Public vs. Private Sector in Italy

Sarah Disselkamp observes that difference in public vs. private sectors in Italy as she studies at Università Commerciale Luigi Bocconi in Milan, Italy. She shares some of her advice and tips to be prepared for differences in Italy’s!

I have noticed that professional norms across the board tend to be slightly different in Italy versus what I am used to in the United States, especially in terms of public service. In the United States, we are used to some services to always be open and usable, such as the post office and public transportation. However, in Italy, that is very much not true. Strikes of public workers are frequent and almost ignored in Italy, whereas they are usually a big deal at home. In Italy, I have found that they are for a few hours, maybe a full day in extreme cases, and rarely come with any sort of actual demonstration.

One example of this happened last Thursday, when the public transportation workers went on strike. This meant that there were no subways, trams, or buses within the city of Milan almost all day, and the ones that did run were sporadic at best. It showed the dichotomy between public and private transportation workers that we don’t see as much in the Untied States, as the private trains and buses between cities were by and large unaffected.

Similarly, the response to the strike was very different between the Americans and our European counterparts. Because of the location of our dorm, we take public transportation to class, so the idea of it not running on a school day was pretty concerning to me! However, when I spoke to my professors, their attitude was much more along the lines of whatever happens, happens – who knows, maybe there will be trams running anyway! It ended up that the trams happened to run when I needed them to in order to get to class and then I walked home (only about an hour, and the weather was great!), so it all ended well.

There are a couple ways to deal with this when you encounter it in Italy (definitely more of a “when” than an “if”!). First of all, I just guess and check. At each tram stop, there is a screen that tells you which lines run to that stop and how far away the next train is. This is usually pretty accurate, and sometimes you get lucky that there will be a train coming soon. The other option that I’ve found works pretty well is Google maps. There’s an option for public transportation that is usually updated in real time, meaning you can see how long it will take you to get somewhere and the timetables for the trains and trams. This helps tremendously, both during a strike and during regular operation, as the notices at the stop or on the websites are usually all in Italian and can be confusing.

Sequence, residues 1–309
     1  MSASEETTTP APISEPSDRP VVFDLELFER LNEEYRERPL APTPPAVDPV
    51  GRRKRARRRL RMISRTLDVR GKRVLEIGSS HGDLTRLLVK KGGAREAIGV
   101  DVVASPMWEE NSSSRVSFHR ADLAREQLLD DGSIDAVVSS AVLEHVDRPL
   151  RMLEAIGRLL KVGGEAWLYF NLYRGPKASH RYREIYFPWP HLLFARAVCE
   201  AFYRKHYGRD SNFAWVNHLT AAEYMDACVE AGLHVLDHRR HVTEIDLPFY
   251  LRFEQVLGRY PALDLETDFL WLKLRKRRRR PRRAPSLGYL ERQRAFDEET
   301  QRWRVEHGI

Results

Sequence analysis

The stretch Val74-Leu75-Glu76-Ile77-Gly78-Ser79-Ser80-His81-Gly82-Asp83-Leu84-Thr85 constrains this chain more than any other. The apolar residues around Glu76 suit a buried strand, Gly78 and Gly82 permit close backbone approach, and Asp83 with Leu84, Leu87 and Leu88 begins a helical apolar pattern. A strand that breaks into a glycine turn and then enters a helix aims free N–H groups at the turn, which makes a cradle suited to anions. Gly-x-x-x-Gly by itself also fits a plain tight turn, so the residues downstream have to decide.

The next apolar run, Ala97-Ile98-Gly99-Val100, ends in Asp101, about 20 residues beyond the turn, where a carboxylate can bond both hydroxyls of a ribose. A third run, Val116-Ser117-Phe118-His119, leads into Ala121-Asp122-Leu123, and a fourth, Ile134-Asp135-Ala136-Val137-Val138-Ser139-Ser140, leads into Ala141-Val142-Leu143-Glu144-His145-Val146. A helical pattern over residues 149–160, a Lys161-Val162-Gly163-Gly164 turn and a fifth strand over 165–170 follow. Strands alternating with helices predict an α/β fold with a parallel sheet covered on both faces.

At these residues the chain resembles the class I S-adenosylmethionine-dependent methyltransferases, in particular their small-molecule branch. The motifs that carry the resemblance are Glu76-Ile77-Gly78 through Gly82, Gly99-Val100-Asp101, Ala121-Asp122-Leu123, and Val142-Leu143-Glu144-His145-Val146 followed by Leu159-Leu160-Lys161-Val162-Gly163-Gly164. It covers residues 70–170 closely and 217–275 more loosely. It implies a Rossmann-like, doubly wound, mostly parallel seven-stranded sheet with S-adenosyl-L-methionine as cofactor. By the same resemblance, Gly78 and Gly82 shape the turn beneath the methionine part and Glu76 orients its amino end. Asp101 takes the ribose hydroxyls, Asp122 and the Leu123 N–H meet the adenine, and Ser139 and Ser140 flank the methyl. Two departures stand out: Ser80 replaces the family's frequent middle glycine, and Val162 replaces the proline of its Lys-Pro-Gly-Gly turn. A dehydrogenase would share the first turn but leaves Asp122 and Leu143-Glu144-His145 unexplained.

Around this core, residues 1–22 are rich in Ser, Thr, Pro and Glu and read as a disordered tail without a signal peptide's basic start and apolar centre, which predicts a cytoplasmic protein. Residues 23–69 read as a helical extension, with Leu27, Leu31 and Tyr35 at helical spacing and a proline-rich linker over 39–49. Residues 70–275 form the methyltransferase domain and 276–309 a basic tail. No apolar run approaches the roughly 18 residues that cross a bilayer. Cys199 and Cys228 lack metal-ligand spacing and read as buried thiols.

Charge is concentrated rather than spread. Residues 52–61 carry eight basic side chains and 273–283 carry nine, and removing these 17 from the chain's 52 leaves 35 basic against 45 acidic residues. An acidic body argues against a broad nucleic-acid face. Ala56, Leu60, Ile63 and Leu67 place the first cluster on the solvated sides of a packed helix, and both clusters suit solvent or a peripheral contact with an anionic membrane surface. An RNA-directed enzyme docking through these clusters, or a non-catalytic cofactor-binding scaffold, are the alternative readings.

First Week in Italy

Sarah Disselkamp shares some of the differences in being a student in Italy vs. U.S. Hear what her life is like in her first week attending Università Commerciale Luigi Bocconi on the Student Exchange Program.

It has officially been 1.5 weeks since we arrived here in Milan to study at Università Commerciale Luigi Bocconi, and it certainly has been a whirlwind! I have learned so much about living in Europe and specifically Italy.

Being in Milan, one of the most fashion conscientious cities in the world, the most immediate difference I noticed was the clothing. It is very easy to pick out a native Italian versus an exchange student while walking around Bocconi. Italian students tend to dress up more for class, and their outfits are more trendy, whereas American students tend to dress more business casual when dressing up for classes. I’ve noticed that the shoes tend to be a big hint, as Italians usually wear boots or something with a heel. Shopping in and around Milan has helped a lot though, and has been super fun!

Another major difference is the culture around food. In the United States, we typically eat 3 meals a day- breakfast, lunch, and dinner; whereas in Milan they do 4. They have breakfast and lunch, which are smaller meals, aperitivo, which is a prix fix hour of unlimited appetizers at a restaurant between 6 and 9pm, and then dinner beginning between 8 and 9 typically. Many restaurants are closed between the end of lunch around 2pm and 4, sometimes even being closed until dinner at 7! This can make it hard to find something to eat, especially on Sundays when almost everything is closed. I am learning how to plan ahead and make sure I don’t get caught in one of the in between times though!

The final difference I have noticed between American culture and Italian is the bureaucracy. In the United States, filling out forms is usually a straightforward event. However, in Italy, it has been anything but! From the permit of stay to an Italian SIM card and a monthly metro pass, it seems that every task has come with a wide range of conflicting advice and instructions. I have found that the best way to approach these situations is to have all of your ducks in a row and just go for it! The people processing the paperwork and such have all been very understanding so far.

Although it has definitely been an adjustment, I am loving my time so far in Italy! I have gotten the opportunity to meet so many people and experience so many things that I wouldn’t have been able to in the United States, and it hasn’t even been 2 weeks. As classes start this week, my goals going forward are to ensure that I am keeping up with my schoolwork and finding the perfect balance between school and travelling. I am so excited to see what the rest of the semester holds in store!